12. Move the plates to room temperature and equilibrate for 5 min.
  13. Wash the plate with 0.2x SSC for 5 min.
  14. Wash the plate with 1x PBT for 15 min.
  15. Wash the plate with 2% H2O2 in 1x PBT (0.1% Triton-x-100) for 1 h.
    NOTE: This solution is light-sensitive, so it should be made fresh for each experiment and shielded from light. Plates should also be shielded from light or foiled during this incubation.
  16. Wash the plate with 1x TBST (150 mM NaCl, 50 mM Tris-HCl, pH 7.5, 0.1%Tween-20) for 15 min.
  17. Dilute Blocking Reagent to 2% in Maleic Acid Buffer (100 mM maleic acid, 150 mM NaCl, pH 7.5). Block the cells in this mixture for at least 1 h at room temperature.
  18. Replace blocking solution with anti-digoxygenin-POD antibody diluted 1:1,000 in 2% Blocking Reagent in Maleic Acid Buffer. Incubate overnight at 4 °C.
  19. Rinse the plate 3x with 1x TBST.
  20. Wash 4x with 2mL of 1x TBST for at least 15 min per wash with continuous rocking.
  21. Wash 2x with 1x PBT for at least 10 min per wash with continuous rocking.
  22. Dilute Cy3-conjugated tyramide 1:25 in 1x PBT. Wash the plate with 750 µL of this dilution for 5 min.
    NOTE: This solution is extremely light sensitive, and plates should be kept foiled or shielded from light for the remainder of the experiment to avoid signal deterioration.
  23. Add 2.5 µL of 0.3% H2O2 to this solution and incubate with continuous rocking for an additional 40 min at room temperature.
  24. Wash 4x with 1x TBST for at least 15 min per wash with continuous rocking.
  25. Rinse with 1x PBT.
  26. Fix the cells by incubating for 1 h at room temperature in 1x MEMFA (100 mM MOPS, 1 mM EGTA, and 1 mM MgSO4 in 3.7% formaldehyde).
  27. Remove the solution and replace with 1x PBS. Store the plates in a foiled container at 4 °C until further processing.

6. Imaging Cells

NOTE: Imaging was performed using an inverted confocal microscope.

  1. Place the sample plate on the microscope stage, aligning the mark made in step 3.1 to the front of the stage.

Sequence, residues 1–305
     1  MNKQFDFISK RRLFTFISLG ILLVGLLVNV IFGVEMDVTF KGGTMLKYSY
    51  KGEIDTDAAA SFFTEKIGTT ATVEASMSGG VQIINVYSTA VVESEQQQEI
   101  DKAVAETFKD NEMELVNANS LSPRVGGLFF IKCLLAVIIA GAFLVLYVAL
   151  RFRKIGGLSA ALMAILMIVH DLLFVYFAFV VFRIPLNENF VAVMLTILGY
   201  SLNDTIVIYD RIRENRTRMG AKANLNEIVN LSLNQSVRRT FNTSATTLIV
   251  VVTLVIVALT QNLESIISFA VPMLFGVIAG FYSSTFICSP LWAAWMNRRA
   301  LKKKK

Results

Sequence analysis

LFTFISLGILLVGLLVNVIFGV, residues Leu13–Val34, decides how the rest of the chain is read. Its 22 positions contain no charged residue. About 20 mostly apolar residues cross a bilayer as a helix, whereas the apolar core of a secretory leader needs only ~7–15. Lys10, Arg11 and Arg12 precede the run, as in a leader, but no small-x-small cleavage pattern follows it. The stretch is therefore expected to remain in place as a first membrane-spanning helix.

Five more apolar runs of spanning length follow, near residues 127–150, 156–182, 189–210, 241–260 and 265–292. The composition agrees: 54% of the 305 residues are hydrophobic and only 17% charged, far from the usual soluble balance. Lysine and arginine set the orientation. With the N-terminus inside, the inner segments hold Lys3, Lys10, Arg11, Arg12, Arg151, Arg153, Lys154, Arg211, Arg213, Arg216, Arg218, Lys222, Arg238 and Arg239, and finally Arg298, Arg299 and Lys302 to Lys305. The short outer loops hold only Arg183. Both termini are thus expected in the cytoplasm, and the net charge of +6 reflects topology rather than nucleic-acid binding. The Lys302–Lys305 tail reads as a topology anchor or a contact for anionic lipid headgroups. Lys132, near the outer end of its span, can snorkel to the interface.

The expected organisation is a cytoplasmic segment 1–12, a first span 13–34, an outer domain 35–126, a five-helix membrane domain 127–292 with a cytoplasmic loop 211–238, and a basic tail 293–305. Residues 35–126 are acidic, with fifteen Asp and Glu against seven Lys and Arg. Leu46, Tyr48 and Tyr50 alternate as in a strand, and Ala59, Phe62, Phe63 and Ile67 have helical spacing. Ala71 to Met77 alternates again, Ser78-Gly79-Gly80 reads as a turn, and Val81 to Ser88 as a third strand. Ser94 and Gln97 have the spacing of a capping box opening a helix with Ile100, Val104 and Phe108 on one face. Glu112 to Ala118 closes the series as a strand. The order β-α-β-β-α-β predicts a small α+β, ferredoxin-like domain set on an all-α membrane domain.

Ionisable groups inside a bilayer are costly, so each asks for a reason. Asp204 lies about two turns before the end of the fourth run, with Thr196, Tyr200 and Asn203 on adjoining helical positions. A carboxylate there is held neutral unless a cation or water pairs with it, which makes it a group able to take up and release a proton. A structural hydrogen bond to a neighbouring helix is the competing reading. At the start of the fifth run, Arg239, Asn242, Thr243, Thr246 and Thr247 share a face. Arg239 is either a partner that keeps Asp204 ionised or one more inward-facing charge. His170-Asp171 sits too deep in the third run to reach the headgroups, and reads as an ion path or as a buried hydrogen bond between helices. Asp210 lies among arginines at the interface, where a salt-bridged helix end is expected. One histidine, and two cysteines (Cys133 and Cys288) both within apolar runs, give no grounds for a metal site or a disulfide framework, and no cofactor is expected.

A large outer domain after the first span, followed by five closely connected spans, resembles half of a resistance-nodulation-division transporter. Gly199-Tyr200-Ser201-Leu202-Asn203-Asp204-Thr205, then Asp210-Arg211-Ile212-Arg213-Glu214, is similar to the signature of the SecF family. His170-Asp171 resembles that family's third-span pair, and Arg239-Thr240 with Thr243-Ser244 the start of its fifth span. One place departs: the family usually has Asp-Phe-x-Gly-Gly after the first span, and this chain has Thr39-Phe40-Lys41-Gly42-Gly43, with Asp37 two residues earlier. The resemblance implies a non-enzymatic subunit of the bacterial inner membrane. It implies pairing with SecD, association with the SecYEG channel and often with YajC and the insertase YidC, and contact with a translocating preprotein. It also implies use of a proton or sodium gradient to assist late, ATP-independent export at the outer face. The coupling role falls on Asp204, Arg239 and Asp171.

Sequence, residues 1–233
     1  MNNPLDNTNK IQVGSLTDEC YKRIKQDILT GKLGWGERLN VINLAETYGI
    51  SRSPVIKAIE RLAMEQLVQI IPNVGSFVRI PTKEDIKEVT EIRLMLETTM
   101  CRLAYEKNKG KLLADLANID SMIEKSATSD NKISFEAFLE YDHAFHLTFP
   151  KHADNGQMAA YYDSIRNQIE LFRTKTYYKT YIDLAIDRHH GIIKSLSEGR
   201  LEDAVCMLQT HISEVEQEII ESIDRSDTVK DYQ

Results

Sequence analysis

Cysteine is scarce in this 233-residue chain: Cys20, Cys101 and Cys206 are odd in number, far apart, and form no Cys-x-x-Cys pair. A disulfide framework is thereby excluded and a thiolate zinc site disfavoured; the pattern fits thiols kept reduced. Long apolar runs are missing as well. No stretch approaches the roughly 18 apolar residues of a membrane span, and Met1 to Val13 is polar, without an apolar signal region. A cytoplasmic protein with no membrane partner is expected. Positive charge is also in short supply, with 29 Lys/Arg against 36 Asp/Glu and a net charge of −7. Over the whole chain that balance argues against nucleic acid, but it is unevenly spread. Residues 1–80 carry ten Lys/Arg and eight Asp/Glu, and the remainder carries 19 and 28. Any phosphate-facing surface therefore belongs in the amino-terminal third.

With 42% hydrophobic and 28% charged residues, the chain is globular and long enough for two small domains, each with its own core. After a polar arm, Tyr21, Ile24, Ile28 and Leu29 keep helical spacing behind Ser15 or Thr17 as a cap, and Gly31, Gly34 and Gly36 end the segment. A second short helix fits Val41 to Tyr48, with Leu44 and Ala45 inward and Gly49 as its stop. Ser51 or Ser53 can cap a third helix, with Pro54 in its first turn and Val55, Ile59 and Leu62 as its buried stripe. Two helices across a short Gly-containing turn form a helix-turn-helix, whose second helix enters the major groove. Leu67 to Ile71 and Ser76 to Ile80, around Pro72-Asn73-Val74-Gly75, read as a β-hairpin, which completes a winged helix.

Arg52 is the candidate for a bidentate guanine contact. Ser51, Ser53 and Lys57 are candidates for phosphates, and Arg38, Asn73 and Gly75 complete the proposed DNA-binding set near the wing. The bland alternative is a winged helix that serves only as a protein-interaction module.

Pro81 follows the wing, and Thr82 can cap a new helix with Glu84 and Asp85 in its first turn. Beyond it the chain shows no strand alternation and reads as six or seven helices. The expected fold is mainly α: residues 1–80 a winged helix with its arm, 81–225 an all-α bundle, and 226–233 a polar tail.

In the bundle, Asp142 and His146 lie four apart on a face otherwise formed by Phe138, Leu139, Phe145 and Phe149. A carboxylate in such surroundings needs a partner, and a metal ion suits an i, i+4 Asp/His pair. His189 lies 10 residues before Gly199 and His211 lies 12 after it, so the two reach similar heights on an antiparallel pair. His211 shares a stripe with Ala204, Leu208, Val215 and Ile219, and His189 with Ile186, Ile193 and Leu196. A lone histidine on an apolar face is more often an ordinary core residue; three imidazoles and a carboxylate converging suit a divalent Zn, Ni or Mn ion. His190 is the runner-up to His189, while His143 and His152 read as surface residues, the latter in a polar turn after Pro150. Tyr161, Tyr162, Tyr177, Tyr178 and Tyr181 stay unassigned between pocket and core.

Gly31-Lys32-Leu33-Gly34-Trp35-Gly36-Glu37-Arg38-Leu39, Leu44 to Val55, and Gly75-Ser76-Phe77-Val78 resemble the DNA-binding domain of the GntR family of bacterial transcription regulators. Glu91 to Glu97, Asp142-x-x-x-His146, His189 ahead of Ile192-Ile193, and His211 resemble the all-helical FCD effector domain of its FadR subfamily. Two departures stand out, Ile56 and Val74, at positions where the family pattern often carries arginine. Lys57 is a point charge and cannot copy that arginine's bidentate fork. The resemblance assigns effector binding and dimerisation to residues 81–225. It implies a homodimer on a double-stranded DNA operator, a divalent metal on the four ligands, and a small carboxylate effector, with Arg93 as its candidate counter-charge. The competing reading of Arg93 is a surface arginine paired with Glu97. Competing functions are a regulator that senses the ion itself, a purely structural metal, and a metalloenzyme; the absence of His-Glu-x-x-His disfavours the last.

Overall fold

2. Focus the image so that the grid-lined coverslip is visible and, using the grid image taken in step 3.4 as a reference, adjust the field of view to match the field of view captured in the calcium image (Section 3).
  3. Acquire bright-field images of both the grid and the cells.
  4. Illuminate the samples with a 595 nm TRITC laser. Adjust gain values to appropriately distinguish signal from background using the images from the negative control cells and acquire a still image.
    NOTE: Ideally, background fluorescence levels are determined based on a negative control plate processed in parallel with a non-targeting sense RNA probe. Gain settings are adjusted so that this plate appears completely black (corresponding to background levels), then held constant for other plates imaged from that experimental batch.

7. Data Processing

NOTE: Data processing was performed using Nikon Elements software.

  1. Open the 2 h calcium image from step 3.7. Identify the pixels corresponding to each individual cell by selecting Binary > Spot Detection > Bright Spots. Make sure the FITC channel is selected.
  2. Colored circles will appear over individual cells after this layer has been generated. Adjust the cell distribution and size parameters so that as many cells as possible are recognized and associated with a unique identifier.
  3. Track the cells across all frames of the image by navigating to View > Analysis Controls > Tracking Options. Set 5 frames as the maximum gap between tracks, delete objects associated with fewer than 600 frames, and select the Close Gaps option. Select Track Binaries to apply cell tracking to the image.
  4. After the cells have been tracked, manually delete any object that does not correspond to an individual cell (for example a clump of cells). However, data points should not be excluded from further analysis based on the morphology of the calcium activity trace.
  5. On the Image pane, select View Overlay > Show Binary Object ID. Scroll to the end of the image (Frame 901) and select Edit > Create View Snapshot (8bit RGB)> Current Frame > OK. This will create a snapshot of the last frame of the image with each cell's associated binary ID visible. Save this image.
  6. Export time-series data by selecting all objects followed by Export Data to Excel. Save output as a CSV file.